The construction of the multi-million dollar Harare Airport Road has resumed, after a break, a move towards the fulfilment of the City’s goal of attaining world-class city status by 2025. Infrastructural development, public accessibility to reliable transportation and excellent communication systems are some of the distinguishing attributes of a world class city.
Airports are vital links between cities, and therefore act as the faces of nations in the global arena. Harare is no exception; however, any development impacts on the environment and the way people live in the area where it is taking place.
The airport road project will see some residents having their properties trimmed in size to accommodate the expansion of the road. Harare News spoke to affected residents to gauge their feelings. Most of them were not sure of the current situation concerning this issue as they last got communication from the City of Harare (CoH) sometime in 2013, before the project took a break. “Initially in 2012 we were told that our houses were going to be demolished and we were going to be either relocated or compensated, but then only last year we were told that no house was going to be demolished but that some portions of our durawalls would be destroyed,” said Tariro Magasa, a resident. She added that since the resumption of work on the road, no communication from CoH has been issued about the latest developments.
Another resident who only identified herself as Madzimai, a tenant on Nymegen Road in Braeside, confirmed receiving two notices in 2012 and 2013 respectively, which she said are in possession of her landlord who resides in another suburb. She however, expressed concern about how close the major road is going to be to their houses if some parts of their yards are absorbed by the road. “Our houses are going to be too close to the highway if they do it and I think this would be dangerous for us,” she said.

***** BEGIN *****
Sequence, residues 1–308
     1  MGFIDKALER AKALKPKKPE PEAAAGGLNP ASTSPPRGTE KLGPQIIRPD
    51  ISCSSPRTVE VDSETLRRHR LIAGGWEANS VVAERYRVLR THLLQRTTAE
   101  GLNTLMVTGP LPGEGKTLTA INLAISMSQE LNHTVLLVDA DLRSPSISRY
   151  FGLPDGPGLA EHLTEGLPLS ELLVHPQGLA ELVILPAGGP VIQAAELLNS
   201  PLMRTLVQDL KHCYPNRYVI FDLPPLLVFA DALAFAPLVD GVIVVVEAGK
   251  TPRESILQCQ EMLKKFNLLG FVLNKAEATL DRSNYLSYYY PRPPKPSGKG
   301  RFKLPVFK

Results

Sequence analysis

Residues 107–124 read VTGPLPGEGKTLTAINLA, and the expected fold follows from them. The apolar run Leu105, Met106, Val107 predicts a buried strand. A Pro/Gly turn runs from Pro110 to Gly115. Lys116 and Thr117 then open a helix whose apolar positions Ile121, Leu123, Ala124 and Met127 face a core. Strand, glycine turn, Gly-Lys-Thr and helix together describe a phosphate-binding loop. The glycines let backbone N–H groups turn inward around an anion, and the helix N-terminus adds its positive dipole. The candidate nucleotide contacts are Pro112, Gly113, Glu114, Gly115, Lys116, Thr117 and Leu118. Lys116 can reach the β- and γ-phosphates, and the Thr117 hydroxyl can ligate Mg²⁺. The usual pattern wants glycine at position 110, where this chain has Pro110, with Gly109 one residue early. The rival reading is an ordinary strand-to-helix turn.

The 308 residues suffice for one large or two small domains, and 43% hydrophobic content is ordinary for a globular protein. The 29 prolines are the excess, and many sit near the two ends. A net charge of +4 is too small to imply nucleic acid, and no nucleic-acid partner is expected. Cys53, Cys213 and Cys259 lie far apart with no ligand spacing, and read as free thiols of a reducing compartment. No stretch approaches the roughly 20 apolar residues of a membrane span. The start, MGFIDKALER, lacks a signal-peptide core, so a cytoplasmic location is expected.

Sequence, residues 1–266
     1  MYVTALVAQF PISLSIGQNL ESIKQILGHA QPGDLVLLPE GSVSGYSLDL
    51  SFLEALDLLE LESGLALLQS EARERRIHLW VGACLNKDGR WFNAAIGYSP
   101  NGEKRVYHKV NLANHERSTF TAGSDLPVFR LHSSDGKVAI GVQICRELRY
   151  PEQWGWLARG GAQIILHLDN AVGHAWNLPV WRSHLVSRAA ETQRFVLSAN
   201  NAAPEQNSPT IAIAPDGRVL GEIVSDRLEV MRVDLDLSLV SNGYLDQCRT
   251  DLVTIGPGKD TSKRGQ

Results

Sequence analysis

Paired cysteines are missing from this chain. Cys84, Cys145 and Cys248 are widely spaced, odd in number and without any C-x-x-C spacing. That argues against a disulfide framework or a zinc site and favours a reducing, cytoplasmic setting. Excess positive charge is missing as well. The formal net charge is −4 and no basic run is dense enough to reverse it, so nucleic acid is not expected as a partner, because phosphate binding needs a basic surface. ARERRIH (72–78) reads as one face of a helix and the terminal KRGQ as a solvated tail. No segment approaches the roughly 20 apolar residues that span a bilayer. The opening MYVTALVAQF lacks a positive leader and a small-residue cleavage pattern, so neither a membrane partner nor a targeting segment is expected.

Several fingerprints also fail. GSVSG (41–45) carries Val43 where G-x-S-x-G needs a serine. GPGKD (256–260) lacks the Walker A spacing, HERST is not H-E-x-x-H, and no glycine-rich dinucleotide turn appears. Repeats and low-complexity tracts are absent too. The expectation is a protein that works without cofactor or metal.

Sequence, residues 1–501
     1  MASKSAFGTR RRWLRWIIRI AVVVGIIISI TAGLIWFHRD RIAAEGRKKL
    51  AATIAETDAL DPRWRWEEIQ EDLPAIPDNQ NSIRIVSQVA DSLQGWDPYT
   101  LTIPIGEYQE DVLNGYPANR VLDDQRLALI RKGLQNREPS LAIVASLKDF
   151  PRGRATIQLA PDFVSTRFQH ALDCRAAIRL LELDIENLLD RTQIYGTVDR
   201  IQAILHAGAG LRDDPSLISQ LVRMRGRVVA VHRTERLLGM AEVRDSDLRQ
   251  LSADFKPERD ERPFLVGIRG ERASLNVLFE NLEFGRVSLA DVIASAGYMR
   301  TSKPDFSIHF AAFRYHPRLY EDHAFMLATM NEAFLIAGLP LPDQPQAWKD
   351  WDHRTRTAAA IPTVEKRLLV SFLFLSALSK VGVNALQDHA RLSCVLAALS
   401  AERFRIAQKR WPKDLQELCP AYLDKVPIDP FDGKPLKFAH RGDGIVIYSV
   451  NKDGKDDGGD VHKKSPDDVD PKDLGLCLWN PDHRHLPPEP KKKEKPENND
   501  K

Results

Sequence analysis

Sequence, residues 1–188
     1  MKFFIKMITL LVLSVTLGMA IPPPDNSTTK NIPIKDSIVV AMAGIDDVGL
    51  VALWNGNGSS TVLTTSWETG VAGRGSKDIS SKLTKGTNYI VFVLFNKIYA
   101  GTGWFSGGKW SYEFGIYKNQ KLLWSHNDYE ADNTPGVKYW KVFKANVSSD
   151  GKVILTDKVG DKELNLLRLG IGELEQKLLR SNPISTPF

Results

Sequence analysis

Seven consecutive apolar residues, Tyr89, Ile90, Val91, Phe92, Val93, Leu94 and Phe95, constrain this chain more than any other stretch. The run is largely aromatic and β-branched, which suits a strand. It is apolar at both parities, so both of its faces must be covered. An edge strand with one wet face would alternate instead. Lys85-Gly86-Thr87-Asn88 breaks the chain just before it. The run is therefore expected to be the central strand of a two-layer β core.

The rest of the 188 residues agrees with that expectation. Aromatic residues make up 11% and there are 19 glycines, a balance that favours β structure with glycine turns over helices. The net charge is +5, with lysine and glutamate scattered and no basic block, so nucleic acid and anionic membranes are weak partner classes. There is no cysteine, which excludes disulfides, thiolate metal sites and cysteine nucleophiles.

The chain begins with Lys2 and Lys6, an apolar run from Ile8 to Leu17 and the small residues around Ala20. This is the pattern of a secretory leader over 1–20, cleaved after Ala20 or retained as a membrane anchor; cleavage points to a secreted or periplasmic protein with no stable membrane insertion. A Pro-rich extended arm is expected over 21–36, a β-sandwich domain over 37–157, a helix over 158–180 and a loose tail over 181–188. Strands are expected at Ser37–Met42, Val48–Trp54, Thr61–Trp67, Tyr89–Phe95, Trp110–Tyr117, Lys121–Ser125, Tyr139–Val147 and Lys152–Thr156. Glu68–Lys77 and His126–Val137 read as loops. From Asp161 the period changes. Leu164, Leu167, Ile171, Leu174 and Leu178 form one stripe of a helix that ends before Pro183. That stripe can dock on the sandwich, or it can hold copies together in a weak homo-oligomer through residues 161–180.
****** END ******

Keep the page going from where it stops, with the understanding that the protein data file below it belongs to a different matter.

The affected properties have had their walls marked with red paint showing the sections to be appropriated by the project. Of concern to residents is that some houses are in line with the marked areas, meaning that those houses would need to be knocked down.
Talking to Harare News, Steady Kangata of the Environmental Management Agency (EMA), said that residents can refer to the city’s plans, which predate the demarcation of plot boundaries along the road, to allow for its expansion.
“The 2010 EIA that was carried out in line with the Environmental Management Act chapter 20:27 included a social impact assessment and involved the calling of a scoping meeting. EMA advised on how to mitigate the effects of the development including limiting the hours of construction for noise purposes, but to us this is not a new road, it is a widening,” said Kangata.
This paper is reliably informed that the construction of this road is being done by the Mashonaland East Provincial Road Engineering Department which is under the Ministry of Transport and Infrastructural Development. This came after the ministry expressed concern over the delays by Augur Investments, casting doubts on the contractor’s ability to complete it.
This reporter was referred from the Provincial Road Engineer to the Director of Roads and later asked to mail questions to the Permanent Secretary. With the tight time frame, we couldn’t get a comment from the developer (ministry) before going to print.
Meanwhile, Michael Chideme from City of Harare Corporate Communications Department said it is now a different scenario as the project is now being administered by the Ministry of Transport and Infrastructural Development. “It is now different a different story my friend, the project is no longer in the hands of the city council,” he said.